Unfortunately, sclerotherapy, like any therapeutic technique, has with it a number of potential adverse sequelae and complications (Table 3). Fortunately, these complications are quite rare. Fairly common adverse sequelae include temporary perivascular cutaneous pigmentation and a temporary flare of new perivascular telangiectasias. Relatively rare complications include localized cutaneous necrosis, thrombophlebitis of the injected vessel, arterial injection with resultant distal necrosis, and pulmonary emboli. These complications and ways to minimize them are discussed in detail elsewhere.1
Mitchel P. Goldman, MD, is a volunteer clinical professor of dermatology/medicine, University of California, San Diego. He can be reached via his Web site, www.Spa-MD.com.
- Goldman MP, Bergan JB, Guex JJ. Sclerotherapy Treatment of Varicose and Telangiectatic Leg Veins: Diagnosis and Treatment. 4th ed. London: Mosby-Elsevier; 2007.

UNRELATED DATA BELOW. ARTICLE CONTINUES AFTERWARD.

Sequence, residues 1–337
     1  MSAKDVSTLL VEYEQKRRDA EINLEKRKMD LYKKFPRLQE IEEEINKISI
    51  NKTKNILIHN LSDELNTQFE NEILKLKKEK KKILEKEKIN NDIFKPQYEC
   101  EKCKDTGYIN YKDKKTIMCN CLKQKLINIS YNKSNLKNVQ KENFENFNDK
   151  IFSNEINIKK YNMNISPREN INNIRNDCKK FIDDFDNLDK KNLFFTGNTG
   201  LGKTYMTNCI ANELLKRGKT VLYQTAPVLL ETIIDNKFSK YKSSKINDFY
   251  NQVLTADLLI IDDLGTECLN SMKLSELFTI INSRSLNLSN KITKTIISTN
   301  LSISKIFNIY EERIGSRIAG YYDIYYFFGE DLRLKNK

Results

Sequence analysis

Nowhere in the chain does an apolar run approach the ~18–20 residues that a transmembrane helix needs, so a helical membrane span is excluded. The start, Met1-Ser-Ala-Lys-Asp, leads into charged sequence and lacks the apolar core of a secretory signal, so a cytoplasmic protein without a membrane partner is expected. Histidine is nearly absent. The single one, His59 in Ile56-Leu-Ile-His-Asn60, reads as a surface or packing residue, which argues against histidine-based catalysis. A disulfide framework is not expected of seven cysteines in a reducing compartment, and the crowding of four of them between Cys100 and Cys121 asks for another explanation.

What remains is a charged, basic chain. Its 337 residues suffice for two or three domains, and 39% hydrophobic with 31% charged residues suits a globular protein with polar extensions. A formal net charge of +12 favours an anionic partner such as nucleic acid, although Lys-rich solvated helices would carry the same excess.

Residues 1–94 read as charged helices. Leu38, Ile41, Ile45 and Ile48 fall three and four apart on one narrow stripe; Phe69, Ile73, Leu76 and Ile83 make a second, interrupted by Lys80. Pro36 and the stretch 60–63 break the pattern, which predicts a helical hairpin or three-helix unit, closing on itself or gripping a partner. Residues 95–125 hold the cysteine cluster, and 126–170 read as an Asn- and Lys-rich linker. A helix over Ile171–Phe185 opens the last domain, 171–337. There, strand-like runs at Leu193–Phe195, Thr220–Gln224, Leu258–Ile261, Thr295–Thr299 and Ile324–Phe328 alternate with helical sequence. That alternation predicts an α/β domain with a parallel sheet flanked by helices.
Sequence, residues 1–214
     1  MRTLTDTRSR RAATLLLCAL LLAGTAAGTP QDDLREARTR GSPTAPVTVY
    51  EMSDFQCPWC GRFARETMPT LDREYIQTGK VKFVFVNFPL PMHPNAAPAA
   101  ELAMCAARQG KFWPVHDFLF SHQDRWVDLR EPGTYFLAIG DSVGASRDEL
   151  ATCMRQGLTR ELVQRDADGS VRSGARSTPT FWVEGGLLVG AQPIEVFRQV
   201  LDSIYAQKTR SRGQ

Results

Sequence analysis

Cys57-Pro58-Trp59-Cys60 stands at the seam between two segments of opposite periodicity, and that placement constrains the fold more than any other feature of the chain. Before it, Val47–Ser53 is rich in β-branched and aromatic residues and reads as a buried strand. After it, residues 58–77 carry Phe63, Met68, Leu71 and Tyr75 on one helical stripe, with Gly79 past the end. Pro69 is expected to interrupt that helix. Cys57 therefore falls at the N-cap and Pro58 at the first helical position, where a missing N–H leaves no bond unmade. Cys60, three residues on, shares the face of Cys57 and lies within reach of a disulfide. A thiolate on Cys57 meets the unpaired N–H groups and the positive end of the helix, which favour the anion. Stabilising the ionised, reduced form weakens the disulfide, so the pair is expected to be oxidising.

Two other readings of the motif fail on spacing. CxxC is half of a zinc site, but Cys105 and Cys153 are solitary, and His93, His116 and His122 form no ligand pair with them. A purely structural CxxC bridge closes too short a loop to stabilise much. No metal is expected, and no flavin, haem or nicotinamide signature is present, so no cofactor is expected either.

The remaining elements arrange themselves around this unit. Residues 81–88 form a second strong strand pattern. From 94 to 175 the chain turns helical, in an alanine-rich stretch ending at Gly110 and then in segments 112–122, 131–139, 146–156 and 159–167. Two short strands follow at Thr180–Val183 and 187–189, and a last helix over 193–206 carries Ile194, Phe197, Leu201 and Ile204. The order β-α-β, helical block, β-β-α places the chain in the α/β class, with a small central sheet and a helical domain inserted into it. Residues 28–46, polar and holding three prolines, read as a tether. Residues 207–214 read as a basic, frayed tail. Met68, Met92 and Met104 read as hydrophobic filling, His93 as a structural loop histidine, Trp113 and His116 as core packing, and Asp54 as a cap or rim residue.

- Goldman MP, Mauricio M, Rao J. Intravascular 1320nm laser closure of the great saphenous vein: a 6–12 month follow-up study. Dermatol Surg. 2004;30:1380–1385.
- Ricci S, Georgiev M, Goldman MP. Ambulatory Phlebectomy: A Practical Guide for Treating Varicose Veins. 2nd ed. Philadelphia: Marcel Dekker; 2005.
- Blugerman G, Goldman MP. Autologous vein/collagen transplantation for correction of dermal atrophic changes. Dermatol Surg. 2002;28:372–375.
- Goldman MP. Cosmetic and Cutaneous Laser Surgery. London: Mosby-Elsevier; 2006.
- Goldman MP. Sodium tetradecyl sulfate for sclerotherapy treatment of veins: is compounding pharmacy solution safe? Dermatol Surg. 2004;30:1454–1456.
- Barrett JM, Allen B, Ockelford A, Goldman MP. Microfoam ultrasound guided sclerotherapy of varicose veins in 100 legs. Dermatol Surg. 2004;30:6–12.
- Rao J, Wildemore JK, Goldman MP. Double-blind prospective comparative trial between foamed and liquid Aethoxysklerol and Fibrovein in the treatment of varicose and telangiectatic leg veins. Dermatol Surg. 2005;31:631–635 .
- Weiss RA, Sadick NS, Goldman MP, Weiss MA. Post-sclerotherapy compression and its effects on clinical outcome. Dermatol Surg. 1999;25:105–108.
- Leach B, Goldman MP. Comparative trial between sodium tetradecyl sulfate and glycerin in the treatment of telangiectatic leg veins. Dermatol Surg. 2003;29:612–625.